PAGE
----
The city’s Sewer Ordinance (Chapter 33, Article IV, Division 2. – Fats, Oils, and Grease) was written to prevent harmful substances from being introduced into the Sanitary Sewer System. Fats, oils, and grease (FOG) are some of the substances that harm the Sanitary Sewer System.
What is FOG? FOG is a byproduct of food preparation, cooking, and cleanup of dishes, pots and pans, utensils, etc.
Where does FOG come from? FOG comes from many food sources: meats, nuts, plant / vegetable oils, dairy products, soups, gravies, condiments, sauces, pastas, poultry, etc.
What does FOG do? FOG cools immediately upon pouring it down the drain. It quickly sticks to and solidifies on the sides of sewer pipes. Since FOG is insoluble in water it eventually builds up and creates a blockage. Despite the use of hot water, detergent, or additives, FOG will still solidify on the sewer walls and cause blockages. Blockages can lead to Sanitary Sewer overflows (SSOs). SSOs can lead to fines – DEQ may fine localities $35,000 per occurrence (your tax dollars at work). SSOs are also bad for the environment and our health.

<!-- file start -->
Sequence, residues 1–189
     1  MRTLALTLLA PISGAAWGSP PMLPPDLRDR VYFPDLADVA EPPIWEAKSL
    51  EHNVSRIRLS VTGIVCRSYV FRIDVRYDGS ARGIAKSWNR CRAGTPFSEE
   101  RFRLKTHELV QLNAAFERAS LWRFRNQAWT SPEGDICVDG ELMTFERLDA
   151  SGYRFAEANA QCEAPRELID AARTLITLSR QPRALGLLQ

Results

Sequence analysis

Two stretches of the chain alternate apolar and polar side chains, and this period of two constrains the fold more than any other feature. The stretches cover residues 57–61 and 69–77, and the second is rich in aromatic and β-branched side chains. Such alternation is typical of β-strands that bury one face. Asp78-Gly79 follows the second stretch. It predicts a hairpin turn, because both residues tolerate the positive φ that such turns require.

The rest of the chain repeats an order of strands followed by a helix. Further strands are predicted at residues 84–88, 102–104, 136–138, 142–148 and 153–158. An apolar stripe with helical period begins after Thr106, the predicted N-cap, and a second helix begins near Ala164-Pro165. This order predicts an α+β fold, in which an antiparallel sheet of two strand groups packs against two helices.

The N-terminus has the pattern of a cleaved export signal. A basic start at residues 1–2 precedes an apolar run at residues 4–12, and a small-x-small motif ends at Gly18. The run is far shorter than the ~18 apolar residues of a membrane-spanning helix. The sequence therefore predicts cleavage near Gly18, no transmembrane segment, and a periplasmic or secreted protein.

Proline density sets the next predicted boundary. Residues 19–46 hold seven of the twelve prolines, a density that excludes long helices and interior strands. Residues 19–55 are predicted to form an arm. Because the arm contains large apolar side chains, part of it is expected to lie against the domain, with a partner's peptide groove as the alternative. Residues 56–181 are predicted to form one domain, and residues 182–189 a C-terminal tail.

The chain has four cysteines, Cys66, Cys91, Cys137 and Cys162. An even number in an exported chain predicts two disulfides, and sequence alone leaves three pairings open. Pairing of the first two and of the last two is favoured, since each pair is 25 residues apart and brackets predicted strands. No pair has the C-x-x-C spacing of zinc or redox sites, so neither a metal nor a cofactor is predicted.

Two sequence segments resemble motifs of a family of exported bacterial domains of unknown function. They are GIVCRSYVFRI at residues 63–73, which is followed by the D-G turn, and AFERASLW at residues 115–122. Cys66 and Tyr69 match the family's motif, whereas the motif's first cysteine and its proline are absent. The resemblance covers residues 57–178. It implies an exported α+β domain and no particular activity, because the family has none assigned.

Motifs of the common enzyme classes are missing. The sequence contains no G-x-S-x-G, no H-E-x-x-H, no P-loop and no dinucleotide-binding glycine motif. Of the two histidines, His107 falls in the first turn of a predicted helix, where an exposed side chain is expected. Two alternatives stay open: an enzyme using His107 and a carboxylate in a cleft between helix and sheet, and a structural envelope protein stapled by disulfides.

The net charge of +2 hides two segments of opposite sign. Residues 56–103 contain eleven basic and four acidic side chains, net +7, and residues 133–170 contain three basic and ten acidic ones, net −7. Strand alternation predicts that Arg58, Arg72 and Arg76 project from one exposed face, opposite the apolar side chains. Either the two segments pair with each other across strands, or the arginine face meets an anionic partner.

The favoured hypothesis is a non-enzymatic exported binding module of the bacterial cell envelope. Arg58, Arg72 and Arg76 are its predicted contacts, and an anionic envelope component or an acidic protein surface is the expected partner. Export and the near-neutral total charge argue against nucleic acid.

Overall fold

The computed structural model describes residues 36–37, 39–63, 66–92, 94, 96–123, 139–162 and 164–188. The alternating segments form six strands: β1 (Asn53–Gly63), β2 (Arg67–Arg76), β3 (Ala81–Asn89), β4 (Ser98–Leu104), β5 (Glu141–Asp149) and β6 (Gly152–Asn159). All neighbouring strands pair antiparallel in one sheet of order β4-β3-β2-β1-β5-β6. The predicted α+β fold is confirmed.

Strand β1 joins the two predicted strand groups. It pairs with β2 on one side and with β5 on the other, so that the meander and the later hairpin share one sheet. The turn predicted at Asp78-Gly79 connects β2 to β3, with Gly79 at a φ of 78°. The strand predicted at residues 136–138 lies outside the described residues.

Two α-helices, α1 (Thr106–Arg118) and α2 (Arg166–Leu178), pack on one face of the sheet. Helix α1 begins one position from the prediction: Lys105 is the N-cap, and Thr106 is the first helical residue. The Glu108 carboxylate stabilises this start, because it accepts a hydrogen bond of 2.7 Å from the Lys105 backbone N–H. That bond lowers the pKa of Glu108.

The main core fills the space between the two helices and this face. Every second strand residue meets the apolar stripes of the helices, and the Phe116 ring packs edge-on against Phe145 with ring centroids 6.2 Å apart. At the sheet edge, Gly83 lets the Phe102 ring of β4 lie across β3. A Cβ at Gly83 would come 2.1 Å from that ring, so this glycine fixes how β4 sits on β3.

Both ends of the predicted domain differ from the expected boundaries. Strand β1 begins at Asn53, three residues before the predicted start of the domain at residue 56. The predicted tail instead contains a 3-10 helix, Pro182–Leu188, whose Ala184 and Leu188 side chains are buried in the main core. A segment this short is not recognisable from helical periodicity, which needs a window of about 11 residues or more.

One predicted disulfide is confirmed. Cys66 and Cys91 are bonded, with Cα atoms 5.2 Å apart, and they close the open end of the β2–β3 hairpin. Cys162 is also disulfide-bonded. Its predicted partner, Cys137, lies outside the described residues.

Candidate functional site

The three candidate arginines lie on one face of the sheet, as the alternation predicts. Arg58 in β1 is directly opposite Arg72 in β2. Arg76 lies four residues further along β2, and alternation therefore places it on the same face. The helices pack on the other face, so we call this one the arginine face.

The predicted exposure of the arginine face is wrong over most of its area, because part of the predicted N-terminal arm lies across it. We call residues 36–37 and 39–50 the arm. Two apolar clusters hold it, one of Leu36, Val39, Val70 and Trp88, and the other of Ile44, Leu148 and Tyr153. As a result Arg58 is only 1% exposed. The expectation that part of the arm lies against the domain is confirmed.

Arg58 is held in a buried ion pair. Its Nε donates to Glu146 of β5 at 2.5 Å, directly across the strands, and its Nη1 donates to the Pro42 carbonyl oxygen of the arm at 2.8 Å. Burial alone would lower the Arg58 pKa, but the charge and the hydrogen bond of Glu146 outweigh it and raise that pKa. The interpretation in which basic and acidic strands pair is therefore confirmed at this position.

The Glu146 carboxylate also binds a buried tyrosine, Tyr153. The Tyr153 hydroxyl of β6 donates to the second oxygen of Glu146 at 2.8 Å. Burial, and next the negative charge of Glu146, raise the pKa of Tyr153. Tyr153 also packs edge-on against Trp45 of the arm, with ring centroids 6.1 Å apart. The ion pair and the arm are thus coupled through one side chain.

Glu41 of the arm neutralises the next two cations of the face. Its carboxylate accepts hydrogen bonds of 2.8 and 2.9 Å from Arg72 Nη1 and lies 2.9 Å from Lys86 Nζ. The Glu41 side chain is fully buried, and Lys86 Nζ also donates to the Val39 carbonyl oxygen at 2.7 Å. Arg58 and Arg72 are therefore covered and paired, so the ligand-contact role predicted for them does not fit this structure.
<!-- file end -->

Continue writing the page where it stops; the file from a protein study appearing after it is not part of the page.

Grease Control Devices
A section for Food Service Establishments (FSEs) was added to the City of Newport News Ordinance in 2010. An FSE is any business facility that prepares, serves, or otherwise makes food available for consumption. FSEs are required to have equipment called grease control devices to collect FOG and prevent it from going down the sanitary sewer and to use approved grease haulers to clean the devices. They are also required to have two employees certified in Kitchen Best Management Practices. This certification can be achieved by reading the online training and passing an online test